The present dispute is, what the rights of the Crown and Parliament are with respect to America, and what they are not. Great Britain would have us acknowledge that her claims are just, and that without much reasoning upon the subject. She will not reason upon it; she will not hear what we have to say in our own defence, but we must acknowledge her claims are just. And when, my Lord, were acknowledgments of this kind forced upon mankind with success? To own the supremacy of the British Legislature over the lives and properties of the people of America, or to own the supremacy of his Holiness over our immortal souls, are doctrines which can only be established by the sword and the fagot, amongst men who have the free use of their reason. But I am, perhaps, going too far. I mean not to offend your Lordship, nor would I be wanting in that respect which is due to your character and station. If my zeal upon so interesting a subject should appear somewhat intemperate, your Lordship will make the proper allowance. Suffer me, then, to shed a few tears over the mangled limbs of my bleeding country. Know, then, that ruin and devastation, plunder and riot, insult and murder, mark the way of your savage mercenaries over this hospitable, cultivated, and once happy land. It is not enough that the hopeful youth, with fire in his eye, and a heart high beating in his country' s cause, is called forth and cut down in the field of battle, where the crimson glow of health fades from his cheek, and he yields his breath an early sacrifice at the shrine of liberty; but the voice of the trembling virgin cries aloud to Heaven against the brutal force of the salacious ravisher, who, having accomplished his infernal purpose, spurns at the body he has compelled to give the unlicensed joy. Take a view of the country before you: villages demolished, cities abandoned, and the miserable inhabitants driven from their comfortable houses, where they had long enjoyed all the endearing sweets of domestick felicity, to seek shelter, at this inclement season, they know not where; whilst the remains of their property, acquired by long labour and industry, are left a prey to unpitying foreigners, who destroy, without remorse, what they cannot immediately use or conveniently take away. Think not, my Lord, that this is an exaggerated picture, overcharged in the colouring. Facts have justified the assertion, and the mournful occasion prompts the style.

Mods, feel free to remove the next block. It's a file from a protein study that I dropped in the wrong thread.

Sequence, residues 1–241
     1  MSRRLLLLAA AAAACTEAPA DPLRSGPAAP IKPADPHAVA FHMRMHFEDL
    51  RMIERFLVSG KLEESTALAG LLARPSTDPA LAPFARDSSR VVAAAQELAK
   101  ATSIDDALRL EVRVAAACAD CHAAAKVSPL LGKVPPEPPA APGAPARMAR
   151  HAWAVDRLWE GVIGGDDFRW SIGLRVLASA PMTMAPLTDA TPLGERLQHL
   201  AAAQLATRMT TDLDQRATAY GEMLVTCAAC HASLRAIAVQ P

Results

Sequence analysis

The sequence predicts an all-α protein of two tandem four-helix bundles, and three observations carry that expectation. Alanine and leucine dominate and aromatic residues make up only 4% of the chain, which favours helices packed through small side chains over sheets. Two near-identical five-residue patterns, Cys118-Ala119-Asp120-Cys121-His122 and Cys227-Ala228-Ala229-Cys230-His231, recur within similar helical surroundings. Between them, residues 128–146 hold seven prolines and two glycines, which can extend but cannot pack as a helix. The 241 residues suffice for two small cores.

Such is the nature of the commission you are come to execute amongst us. Cruel as it is, I am nevertheless firm in opinion that your Lordship thinks you are only brandishing the sword of justice, not exercising the rod of oppression. But how you can think so, is hard for an American to conceive. I have been told, and fondly encourage the belief, that your Lordship holds in contempt those parricides who, through a selfish motive of securing themselves, basely betray their country' s cause, and that, although you think yourself obliged to take advantage of the treason, you despise the traitors. This is a principle of honour worthy your character, and perfectly consistent with the sentiments of a liberal mind.

But I hasten to a conclusion of this address. The unpardonable fault of America now, it is said, is the Declaration of Independence. When our faults were less, they were as hardly thought of and as highly censured. Even our modest complaints were called presumption, and dismissed with reproach. No lenient hand was held out to bring matters to a happy issue; no alleviation offered to the griefs we thought we suffered; no friendly shield interposed between us and the ruin we apprehended. Independence was so far from the wish of America, the very idea was distressing. But hard and cruel necessity drove us to the desperate determination. God only knows what the event will be. In the mean time, we would press upon you to call forth that humanity which, like a healing balm, lubricates every generous mind; and though you carry on your master' s work, let not the hand of rapine spread unnecessary desolation through our suffering country. Arrest the plunderer' s greedy grasp, and let not the cries of the despoiled virgin call to Heaven for vengeance on those who regard not God, and who trample on the sacred rights of humanity. Wrongs like these fix a stain even on victory itself, which the floods of ages cannot wash.

Yours, &c.